“Within each pillar we will recognize the history, program highlights and feature patients, clients and the community sharing how LFHS has made an impact,” said Umble. “We are excited to have launched our mobile unit into the community in January, allowing us to bring services to the patients and clients that we serve. We began by offering WIC services, which ties in well with our recognition of WIC services this quarter.”

WIC clients wait in the Lebanon Family Health Services office in 2021. According to LFHS data, 50% of the babies born in the county are enrolled in the WIC program. (Provided photo)

Other anniversary highlights include:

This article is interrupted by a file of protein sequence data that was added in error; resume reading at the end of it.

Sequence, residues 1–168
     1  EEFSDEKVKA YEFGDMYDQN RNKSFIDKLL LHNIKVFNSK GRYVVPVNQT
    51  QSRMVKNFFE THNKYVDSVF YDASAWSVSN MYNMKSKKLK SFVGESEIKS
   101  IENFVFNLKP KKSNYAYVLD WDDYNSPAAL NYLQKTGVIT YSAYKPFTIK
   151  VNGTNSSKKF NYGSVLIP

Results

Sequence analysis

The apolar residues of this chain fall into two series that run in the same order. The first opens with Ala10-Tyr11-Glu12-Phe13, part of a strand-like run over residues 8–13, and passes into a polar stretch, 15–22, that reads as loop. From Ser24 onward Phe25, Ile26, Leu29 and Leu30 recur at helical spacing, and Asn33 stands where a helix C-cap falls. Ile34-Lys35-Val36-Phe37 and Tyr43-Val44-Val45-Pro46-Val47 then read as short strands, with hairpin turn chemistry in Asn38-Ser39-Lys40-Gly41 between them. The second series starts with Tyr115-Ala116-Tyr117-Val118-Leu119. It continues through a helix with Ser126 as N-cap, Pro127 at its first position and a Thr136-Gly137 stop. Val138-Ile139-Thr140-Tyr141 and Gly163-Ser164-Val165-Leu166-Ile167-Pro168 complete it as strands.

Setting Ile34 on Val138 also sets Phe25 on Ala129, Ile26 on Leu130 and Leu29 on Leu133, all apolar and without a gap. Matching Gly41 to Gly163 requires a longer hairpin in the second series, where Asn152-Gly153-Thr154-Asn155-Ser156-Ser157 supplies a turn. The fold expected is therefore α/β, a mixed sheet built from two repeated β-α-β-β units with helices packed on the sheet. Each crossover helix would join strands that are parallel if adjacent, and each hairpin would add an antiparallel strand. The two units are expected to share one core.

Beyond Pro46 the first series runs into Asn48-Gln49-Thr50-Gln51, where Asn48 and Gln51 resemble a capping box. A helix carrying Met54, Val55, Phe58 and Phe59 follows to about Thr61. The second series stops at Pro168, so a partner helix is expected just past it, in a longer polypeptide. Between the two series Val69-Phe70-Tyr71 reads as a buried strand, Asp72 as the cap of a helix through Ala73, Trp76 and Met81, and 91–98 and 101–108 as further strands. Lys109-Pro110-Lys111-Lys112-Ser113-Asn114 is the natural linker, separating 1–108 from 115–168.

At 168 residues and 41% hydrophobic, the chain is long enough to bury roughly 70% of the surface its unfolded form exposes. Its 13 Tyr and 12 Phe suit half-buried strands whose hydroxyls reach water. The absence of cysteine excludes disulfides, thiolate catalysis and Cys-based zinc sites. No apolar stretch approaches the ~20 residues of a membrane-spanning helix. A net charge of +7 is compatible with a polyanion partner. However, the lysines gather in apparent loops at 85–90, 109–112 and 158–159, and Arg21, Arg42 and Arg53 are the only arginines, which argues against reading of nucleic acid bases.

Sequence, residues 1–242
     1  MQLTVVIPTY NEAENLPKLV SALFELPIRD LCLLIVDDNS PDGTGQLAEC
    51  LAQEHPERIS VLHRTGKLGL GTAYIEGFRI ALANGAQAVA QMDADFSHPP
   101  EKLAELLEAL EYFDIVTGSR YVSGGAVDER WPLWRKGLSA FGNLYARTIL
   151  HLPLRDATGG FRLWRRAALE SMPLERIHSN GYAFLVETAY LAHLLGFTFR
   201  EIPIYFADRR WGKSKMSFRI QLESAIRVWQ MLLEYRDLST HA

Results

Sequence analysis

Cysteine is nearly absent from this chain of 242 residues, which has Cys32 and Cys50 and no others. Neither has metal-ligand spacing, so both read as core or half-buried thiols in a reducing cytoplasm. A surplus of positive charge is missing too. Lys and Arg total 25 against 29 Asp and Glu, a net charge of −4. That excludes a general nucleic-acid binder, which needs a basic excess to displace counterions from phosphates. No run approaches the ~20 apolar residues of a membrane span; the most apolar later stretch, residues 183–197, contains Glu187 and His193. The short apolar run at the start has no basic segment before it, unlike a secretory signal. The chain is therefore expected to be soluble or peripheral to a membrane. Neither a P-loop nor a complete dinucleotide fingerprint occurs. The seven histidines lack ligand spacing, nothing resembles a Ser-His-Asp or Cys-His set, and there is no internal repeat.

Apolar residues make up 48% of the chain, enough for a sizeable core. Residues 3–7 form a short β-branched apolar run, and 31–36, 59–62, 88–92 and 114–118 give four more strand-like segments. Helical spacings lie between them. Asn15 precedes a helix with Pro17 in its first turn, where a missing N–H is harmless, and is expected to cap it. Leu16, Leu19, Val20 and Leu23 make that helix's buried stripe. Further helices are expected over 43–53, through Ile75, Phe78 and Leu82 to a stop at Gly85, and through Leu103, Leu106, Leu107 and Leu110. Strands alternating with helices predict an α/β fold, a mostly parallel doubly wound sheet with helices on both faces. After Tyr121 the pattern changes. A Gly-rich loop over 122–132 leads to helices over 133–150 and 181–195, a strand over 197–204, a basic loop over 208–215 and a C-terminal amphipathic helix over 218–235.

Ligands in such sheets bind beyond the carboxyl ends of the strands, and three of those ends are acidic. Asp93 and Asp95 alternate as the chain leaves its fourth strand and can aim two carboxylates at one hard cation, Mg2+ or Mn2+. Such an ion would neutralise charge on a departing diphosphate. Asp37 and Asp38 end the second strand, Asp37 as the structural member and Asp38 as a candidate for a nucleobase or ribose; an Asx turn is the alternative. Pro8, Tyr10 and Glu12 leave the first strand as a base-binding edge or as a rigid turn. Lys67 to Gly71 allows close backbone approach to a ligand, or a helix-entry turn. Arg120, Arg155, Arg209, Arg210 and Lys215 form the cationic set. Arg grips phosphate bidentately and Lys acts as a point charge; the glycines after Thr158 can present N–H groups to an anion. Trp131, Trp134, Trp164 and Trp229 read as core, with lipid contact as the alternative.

April 18 – Chamber of Commerce Business After Hours networking event, co-hosted with SARCC, which is celebrating its 40th anniversary this year.

May 21 – Splash of Color event at Lebanon Valley Craft Brewery.

July 28 – EMK Memorial Golf Tournament at Lebanon Valley Golf Club A double shot gun (morning and afternoon) golf tournament celebrating the anniversary.

September 28 – Annual Dinner with featured speaker, Nicole Lynn Lewis, author of “Pregnant Girl.” 

The agency’s Think Pink commemoration will be held in October and the Travel & Leisure Auction event is slated for Nov. 10. Visit the events page on the agency’s website for additional information for these events and much more. 

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James Mentzer

James Mentzer is a freelance writer whose published works include the books Pennsylvania Manufacturing: Alive and Well; Bucks County: A Snapshot in Time; United States Merchant Marine Academy: In Service to the Nation 1943-2018; A Century of Excellence: Spring Brook Country Club 1921-2021; and Lancaster...